Seven Questions with Terence Winch: Musician, Songwriter, Poet, Author

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Terence Winch, GSAS ’69, has produced his first album in 10 years, This Day Too: Music from Irish America. He and his brother, Jesse—Bronx-born sons of Irish immigrants—were founding members of the original Celtic Thunder (not to be confused with the commercial group and stage show that later took the name). They were the first to record Terence’s best-known song, “When New York Was Irish,” which has been covered by many artists.

Since the 1970s, Winch has made his home in the Washington, D.C., area, though much of his work remains rooted in Irish-American New York. “Childhood Ground,” a track on the new album, recalls his boyhood neighborhood, which was razed to make way for the Cross Bronx Expressway during the late 1950s.

Winch’s poetry has appeared in more than 40 anthologies, including five Best American Poetry collections. He earned a master’s degree in English at Fordham in 1969 and, as a doctoral fellow, was a chapter away from completing his dissertation when he moved to D.C. In 2014, his undergraduate alma mater, Iona College, awarded him an honorary degree. “I finally got my doctorate,” he said.

How did “When New York Was Irish” come about?
In the late 1980s I really pushed Celtic Thunder to get a new album’s worth of material together. I had the chorus in my head for years and had never shared it with anyone, and before rehearsal I sat down and quickly wrote another few verses. Everyone was totally knocked out and that was the first sign to me that the song would resonate with people. I have at least 25 different recorded versions of it.

What brought you back to the studio for This Day Too?
I really wanted to do a recording project with my son. Michael is a terrific fiddle player. Given this point in my own life—I’m 71 now, he’s 27—I thought we should do a record together. My brother Jesse volunteered to be co-producer, and that kind of made the three of us the nucleus of the project, but since we are so involved in the Irish-American community in this area we knew we would be calling on lots of other friends to play on it.

From left: Paddy Winch (Terence’s father), Jesse Winch, and P.J. Conway during a June 1957 jam session in Queens, New York. A sample from some of Paddy Winch and P.J. Conway’s home recordings bookends the final track on “This Day Too,” a rendition of the song “The Homes of Donegal” on which Michael Winch plays his grandfather’s banjo and Terence plays P.J. Conway’s accordion (right).

How did Celtic Thunder get started?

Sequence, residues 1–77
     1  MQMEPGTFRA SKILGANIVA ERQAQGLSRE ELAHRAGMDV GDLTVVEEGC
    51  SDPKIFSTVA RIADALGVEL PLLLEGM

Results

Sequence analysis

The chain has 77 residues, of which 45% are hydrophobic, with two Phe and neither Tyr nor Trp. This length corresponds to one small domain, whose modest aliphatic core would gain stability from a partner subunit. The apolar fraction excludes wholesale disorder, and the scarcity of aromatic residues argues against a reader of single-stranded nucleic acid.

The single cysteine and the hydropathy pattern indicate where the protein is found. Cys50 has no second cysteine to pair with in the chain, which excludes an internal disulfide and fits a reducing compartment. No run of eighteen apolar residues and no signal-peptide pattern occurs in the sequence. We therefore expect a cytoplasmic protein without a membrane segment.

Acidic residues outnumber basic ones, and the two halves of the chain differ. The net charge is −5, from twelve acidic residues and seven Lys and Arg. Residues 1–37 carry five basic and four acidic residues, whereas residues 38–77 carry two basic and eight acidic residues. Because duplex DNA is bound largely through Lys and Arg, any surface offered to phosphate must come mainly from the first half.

When I moved to Washington, D.C., in 1972, Jesse was already here, and right away I found myself playing in a ceili band with him. Then we started an old-time music string band that, because of me and Jesse, played a lot of Irish music as well. Occasionally we would get an Irish gig and for those gigs we called ourselves Celtic Thunder. Jesse and I met a fiddle player named Steve Hickman and his wife, Linda Hickman, a flute player, around 1976. We also connected with singer Nita Conley, and the five of us started getting together and playing traditional Irish music. We really clicked. We took the spare name from the string band, and Celtic Thunder became popular pretty quickly.

You’ve published seven books of poetry and two short story collections, one fiction and one nonfiction. How would you characterize your writing?
Some of my poetry is narrative. But a lot of what I do is influenced more by avant-garde impulses and surrealism. Writing, for me, on some level is play. It has to have that element to it. It has to be something that is pleasurable, that exercises your creativity in a way that provides you with a certain level of satisfaction, and for me that involves doing more than just one kind of writing.

Tell me about your years at the Smithsonian Institution.
When I first moved to D.C., I made my living for years as a musician and freelance writer. After I got married, I started thinking I needed something more predictable. That’s when I sought work at the Smithsonian. I spent six years at the Smithsonian’s National Museum of American Art—I was senior editor and acting head of publications there. In 1992 I moved to the National Museum of the American Indian and helped start a new publications department there. I was able to invent the whole operation and build it into what I think was a very successful enterprise. I produced somewhere in the neighborhood of 60 to 65 books as editor or project director. I had a great staff, and it was hard to leave, but I retired early. I recognized we don’t live forever and I wanted to spend as much time as I could with my own work.

I understand Boston College has acquired your literary and music archive.
I knew it would be a unique archive because it was split between music and writing. And I knew for anyone interested in Irish-American culture, it would be a good resource because I have been at the front lines of the Irish-American issue for 40 years or more. Fortunately, BC shared this view. One of my missions in life has been the promotion of Irish-American identity and the validity of Irish-American history and culture. Those ideas are more widely recognized and accepted today.

What’s next?
I have a book coming out in the fall from Hanging Loose Press—The Known Universe, a collection of poems written over the last few years. And I have a Young Adult novel, Seeing-Eye Boy, about a kid growing up in the Bronx in the 1950s, kind of modeled on me and a little bit on my son and father. It’s finished, but I don’t yet have a publisher for it. I’m still playing and still writing a lot. And I’m taking a course in the Irish language for the first time in my life, which I’ve always wanted to do.

Interview conducted, edited, and condensed by Carolyn Farrar, FCRH ’82.

Watch the video for “Childhood Ground”

 

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